The opinion of the court was delivered by: Anita B. Brody, District Judge.
Before me is defendant's motion for summary judgment. For the
reasons set forth below, defendant's motion will be denied
Plaintiff Mary Friess brought this action against the
defendant, Reliance Standard Life Insurance Company ("Reliance")
following Reliance's denial of her claim for long-term disability
("LTD") benefits. Because the insurance policy at issue is an
employee benefit plan, this action is governed by the Employee
Retirement Income Security Act of 1974 ("ERISA"), 29 U.S.C. § 1001
et seq. Removal was proper as ERISA provides that a civil
action may be brought in federal court by a plan participant "to
recover benefits due to him under the terms of the plan. . . ."
29 U.S.C. § 1132(a)(1)(B). ERISA preempts all state claims that
"relate to any employee benefit plan." 29 U.S.C. § 1144(a).
Woodward and Lothrop established and maintained a benefit plan
offering LTD benefits to its employees. As an employee of
Woodward and Lothrop,*fn2 Friess participated in the plan. Her
coverage under the plan became effective in 1989.*fn3
Woodward and Lothrop's plan was insured under a group LTD
policy ("the Policy") issued and administered by Reliance. The
Policy states that Reliance will pay a monthly benefit if an
(1) is Totally Disabled as the result of a Sickness
or Injury covered by this Policy; (2) is under the
regular care of a Physician; (3) has completed the
Elimination Period; and (4) submits satisfactory
proof of Total Disability to us.
Defendant's Motion for Summary Judgment, Exhibit B, p. 7.0.
According to the Policy, an employee is "Totally Disabled" when
"during the Eliminator Period and thereafter an Insured cannot
perform the material duties of any occupation. . . . Any
occupation is one that the Insured's education, training or
experience will reasonably allow." Id. at 2.1. An insured who
is "Partially Disabled" — capable of performing the material
duties of any occupation on a part-time basis or some of the
material duties on a full-time basis — will be considered Totally
Disabled, the definition continues, except during the
"Elimination Period." The "Elimination Period" is defined as a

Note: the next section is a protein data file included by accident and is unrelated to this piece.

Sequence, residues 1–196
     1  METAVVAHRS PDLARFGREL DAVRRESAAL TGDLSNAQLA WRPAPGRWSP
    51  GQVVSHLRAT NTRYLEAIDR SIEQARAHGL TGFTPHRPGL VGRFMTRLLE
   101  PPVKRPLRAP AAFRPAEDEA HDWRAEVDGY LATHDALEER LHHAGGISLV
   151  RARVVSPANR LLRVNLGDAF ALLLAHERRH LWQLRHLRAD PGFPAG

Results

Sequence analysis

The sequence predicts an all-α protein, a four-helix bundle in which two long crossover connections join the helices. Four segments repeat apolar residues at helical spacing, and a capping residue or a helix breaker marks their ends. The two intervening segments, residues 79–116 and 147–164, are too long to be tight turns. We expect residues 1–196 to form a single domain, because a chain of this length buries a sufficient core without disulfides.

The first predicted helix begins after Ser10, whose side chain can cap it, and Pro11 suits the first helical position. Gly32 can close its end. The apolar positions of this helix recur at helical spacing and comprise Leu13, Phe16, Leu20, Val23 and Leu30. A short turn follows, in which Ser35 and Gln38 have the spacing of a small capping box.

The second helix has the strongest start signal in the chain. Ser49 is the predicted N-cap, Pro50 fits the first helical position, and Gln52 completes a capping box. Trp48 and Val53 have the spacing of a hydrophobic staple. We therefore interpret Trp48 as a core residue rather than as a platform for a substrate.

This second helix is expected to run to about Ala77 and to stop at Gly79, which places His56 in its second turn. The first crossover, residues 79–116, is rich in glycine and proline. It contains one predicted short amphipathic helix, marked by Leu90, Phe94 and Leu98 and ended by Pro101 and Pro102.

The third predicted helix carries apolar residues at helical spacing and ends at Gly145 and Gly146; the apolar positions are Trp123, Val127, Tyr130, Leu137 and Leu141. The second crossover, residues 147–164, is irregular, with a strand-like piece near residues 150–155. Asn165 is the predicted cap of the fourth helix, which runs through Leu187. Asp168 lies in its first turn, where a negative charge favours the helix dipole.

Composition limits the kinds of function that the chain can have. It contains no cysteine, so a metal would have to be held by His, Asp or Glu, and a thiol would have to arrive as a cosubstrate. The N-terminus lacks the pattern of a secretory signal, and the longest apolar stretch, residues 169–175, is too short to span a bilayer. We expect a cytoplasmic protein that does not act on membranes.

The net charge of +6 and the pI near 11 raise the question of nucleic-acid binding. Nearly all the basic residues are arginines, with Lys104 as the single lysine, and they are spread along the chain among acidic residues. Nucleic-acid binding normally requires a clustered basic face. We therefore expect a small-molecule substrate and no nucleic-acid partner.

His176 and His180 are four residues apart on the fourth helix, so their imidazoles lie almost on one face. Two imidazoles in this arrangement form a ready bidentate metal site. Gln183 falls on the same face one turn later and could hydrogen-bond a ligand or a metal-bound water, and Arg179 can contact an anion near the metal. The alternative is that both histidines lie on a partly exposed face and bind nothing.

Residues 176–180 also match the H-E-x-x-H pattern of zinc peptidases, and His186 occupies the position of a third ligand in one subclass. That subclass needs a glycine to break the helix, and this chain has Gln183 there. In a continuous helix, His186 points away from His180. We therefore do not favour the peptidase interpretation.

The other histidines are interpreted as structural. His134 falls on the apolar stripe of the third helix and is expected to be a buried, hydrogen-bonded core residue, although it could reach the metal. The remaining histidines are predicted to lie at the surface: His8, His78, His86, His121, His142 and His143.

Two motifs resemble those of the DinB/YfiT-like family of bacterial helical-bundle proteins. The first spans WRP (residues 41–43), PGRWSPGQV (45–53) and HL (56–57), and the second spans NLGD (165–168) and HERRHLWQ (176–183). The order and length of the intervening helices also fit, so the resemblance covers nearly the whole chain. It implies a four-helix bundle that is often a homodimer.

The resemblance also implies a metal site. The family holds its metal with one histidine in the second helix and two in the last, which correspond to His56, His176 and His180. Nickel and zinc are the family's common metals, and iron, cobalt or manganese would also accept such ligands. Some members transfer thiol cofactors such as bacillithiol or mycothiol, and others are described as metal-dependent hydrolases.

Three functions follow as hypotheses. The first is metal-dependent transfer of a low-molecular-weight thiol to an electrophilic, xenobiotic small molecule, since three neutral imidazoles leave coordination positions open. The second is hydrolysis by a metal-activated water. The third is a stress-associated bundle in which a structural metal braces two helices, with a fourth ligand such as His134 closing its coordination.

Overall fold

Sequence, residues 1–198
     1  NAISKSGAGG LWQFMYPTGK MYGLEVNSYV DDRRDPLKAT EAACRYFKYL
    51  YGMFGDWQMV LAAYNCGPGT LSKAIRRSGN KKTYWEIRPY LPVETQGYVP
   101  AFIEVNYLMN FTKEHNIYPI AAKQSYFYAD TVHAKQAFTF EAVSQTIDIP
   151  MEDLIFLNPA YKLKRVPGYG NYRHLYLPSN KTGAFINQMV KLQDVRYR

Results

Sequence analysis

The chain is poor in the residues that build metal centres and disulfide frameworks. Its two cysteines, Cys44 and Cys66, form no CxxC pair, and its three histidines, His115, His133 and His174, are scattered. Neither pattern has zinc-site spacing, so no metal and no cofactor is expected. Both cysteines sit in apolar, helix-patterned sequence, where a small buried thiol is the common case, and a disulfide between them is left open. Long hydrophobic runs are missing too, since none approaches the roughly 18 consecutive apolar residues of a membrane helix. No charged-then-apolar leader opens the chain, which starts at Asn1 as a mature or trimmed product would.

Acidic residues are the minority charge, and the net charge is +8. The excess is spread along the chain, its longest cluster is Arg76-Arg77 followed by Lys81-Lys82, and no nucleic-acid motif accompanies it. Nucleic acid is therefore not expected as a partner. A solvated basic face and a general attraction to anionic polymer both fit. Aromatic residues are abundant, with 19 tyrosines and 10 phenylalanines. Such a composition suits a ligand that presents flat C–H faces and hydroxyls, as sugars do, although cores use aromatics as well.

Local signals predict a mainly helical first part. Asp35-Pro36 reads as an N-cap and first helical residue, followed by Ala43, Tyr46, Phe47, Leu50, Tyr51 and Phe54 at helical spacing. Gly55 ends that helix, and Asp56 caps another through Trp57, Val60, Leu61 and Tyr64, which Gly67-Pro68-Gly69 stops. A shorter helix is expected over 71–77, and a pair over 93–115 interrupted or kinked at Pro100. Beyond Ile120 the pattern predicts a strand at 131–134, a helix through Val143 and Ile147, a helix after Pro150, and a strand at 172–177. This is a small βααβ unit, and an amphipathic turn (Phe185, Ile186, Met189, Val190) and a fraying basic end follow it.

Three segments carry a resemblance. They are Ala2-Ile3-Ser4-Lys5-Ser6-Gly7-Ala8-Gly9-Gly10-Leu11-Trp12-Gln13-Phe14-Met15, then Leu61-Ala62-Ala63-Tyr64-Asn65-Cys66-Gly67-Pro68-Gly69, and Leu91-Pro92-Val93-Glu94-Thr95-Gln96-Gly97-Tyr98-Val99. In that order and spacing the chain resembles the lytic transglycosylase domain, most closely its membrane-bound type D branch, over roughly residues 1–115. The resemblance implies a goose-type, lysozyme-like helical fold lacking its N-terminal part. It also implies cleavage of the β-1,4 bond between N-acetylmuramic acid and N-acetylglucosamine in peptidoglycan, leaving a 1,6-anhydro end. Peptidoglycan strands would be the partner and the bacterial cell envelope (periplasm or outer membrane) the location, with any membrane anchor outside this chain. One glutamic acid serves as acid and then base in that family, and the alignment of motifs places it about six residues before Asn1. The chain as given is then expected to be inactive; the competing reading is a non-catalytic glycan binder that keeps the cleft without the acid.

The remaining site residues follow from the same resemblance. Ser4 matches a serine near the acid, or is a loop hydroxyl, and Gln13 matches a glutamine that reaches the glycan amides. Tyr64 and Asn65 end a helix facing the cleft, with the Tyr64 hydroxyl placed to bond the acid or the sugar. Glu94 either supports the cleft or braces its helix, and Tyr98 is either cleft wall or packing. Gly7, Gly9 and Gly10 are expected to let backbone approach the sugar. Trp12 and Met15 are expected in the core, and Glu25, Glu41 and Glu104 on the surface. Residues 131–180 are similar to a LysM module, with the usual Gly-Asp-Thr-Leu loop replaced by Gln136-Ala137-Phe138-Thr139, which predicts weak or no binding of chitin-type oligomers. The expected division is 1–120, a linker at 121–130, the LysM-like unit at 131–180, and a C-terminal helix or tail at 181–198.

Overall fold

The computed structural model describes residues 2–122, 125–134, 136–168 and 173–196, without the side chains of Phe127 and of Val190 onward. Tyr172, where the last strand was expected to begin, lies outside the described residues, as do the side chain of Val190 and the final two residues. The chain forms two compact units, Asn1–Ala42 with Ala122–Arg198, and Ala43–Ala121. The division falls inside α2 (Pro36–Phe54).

period of 90 consecutive days of Total Disability for which no
benefit is payable, and begins on the first day of Total
Disability. Id. at 1.0-2.0.
On January 19, 1996, Friess submitted a claim for LTD benefits
under the Policy. Friess maintained that she had become totally
disabled on May 25, 1994, when she fell from a platform at work
and broke her left ankle. In her motion, plaintiff indicates that
she had expected the injury to heal, allowing her to return to
work. However, her doctors eventually determined that the ankle
injury was permanent, as her severe pain and difficulty walking
and standing did not subside. Following the determination that
the injury was permanent, Friess filed her claim with Reliance in
January of 1996.*fn4
After receiving Friess's claim in January of 1996, Reliance
opened a file on Friess and began obtaining medical records from
her treating physicians. At Reliance's request, Friess provided
the necessary medical releases and authorizations, and also
provided Reliance with contact information concerning the doctors
she had seen after the ankle injury. Based on the information
provided by Friess, Reliance undertook to contact those doctors
to obtain necessary records and evaluations.
The compiled medical records document problems with Friess's
left ankle and foot dating from November 28, 1994, when William
Markmann, M.D. began treating Friess for those problems.*fn5
However, Friess maintains that her medical treatment began
immediately following her fall on May 25, 1994. On the day of the
fall, she was taken to the emergency room at Nazareth Hospital
and treated for an ankle injury. On the next day, May 26, 1994,
Friess saw Dr. Thomas Peff for treatment. Dr. Peff treated Friess
over the next several months. During that time, Dr. Peff put a
cast on the ankle and had Friess perform physical therapy.
In November of 1994, Dr. Markmann's practice assumed care for
Friess. The record of his November 28, 1994 evaluation*fn6
indicates that Friess described her earlier treatment under Dr.
Peff to Dr. Markmann. Friess also provided Dr. Markmann with
x-rays she brought with her from Dr. Peff's office. Friess
complained to Dr. Markmann of persistent pain in her left ankle
and foot that made
walking and standing difficult. Dr. Markmann ordered an MRI*fn7
scan of her ankle and foot and also an EMG*fn8 of her back and
left leg. On December 20, 1994, Markmann prescribed Percodan in
response to Friess's request for pain relief.
On December 28, 1994, I.M. Solanki, M.D. conducted the
MRI.*fn9 The records of both Dr. Solanki and Dr. Markmann
indicate that the MRI study was normal.
In January of 1995, Dr. John Beight, another doctor in the same
practice group as Dr. Markmann, examined Friess.*fn10 His
records indicate that Friess continued to complain of persistent
pain in her foot. He agreed with Dr. Markmann that she should
have an EMG. In notes dated January 20, 1995, Dr. Beight wrote
that he believed Friess could work in a seated position. However,
Friess's attempt to resume work in late January 1995 intensified
her pain. On January 27, ...